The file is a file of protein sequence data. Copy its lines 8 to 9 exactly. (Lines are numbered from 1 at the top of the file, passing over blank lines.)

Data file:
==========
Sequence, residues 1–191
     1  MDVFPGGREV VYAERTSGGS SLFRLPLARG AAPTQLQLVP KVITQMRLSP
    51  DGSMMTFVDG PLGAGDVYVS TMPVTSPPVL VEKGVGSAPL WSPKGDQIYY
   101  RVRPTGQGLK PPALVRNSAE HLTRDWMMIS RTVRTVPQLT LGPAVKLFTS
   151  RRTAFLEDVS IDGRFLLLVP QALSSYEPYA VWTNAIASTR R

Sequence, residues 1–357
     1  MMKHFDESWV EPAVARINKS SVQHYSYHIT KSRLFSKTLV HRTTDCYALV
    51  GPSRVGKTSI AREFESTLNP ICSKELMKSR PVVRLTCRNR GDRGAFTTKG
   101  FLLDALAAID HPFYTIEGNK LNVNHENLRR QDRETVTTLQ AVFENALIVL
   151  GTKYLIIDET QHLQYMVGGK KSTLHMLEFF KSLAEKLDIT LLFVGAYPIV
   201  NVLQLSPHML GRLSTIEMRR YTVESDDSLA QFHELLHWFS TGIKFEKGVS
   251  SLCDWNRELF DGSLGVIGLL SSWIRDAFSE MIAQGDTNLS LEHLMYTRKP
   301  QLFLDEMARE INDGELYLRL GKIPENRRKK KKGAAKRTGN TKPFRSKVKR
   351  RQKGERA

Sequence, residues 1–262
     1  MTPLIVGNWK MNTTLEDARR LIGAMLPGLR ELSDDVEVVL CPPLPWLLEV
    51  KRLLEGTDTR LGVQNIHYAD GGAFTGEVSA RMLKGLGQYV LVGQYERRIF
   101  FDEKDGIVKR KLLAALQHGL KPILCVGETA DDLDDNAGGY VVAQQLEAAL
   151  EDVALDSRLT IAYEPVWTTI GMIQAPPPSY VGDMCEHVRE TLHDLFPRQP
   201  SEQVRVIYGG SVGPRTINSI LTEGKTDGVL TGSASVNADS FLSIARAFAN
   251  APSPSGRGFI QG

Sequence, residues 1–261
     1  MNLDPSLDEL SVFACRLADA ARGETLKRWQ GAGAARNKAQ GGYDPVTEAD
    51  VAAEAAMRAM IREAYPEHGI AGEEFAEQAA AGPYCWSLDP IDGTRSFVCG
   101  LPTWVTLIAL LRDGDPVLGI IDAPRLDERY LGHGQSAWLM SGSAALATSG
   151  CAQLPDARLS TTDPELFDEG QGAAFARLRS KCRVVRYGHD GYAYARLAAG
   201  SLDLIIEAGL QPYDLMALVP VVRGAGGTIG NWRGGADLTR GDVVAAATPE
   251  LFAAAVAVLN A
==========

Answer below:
    51  GPSRVGKTSI AREFESTLNP ICSKELMKSR PVVRLTCRNR GDRGAFTTKG
   101  FLLDALAAID HPFYTIEGNK LNVNHENLRR QDRETVTTLQ AVFENALIVL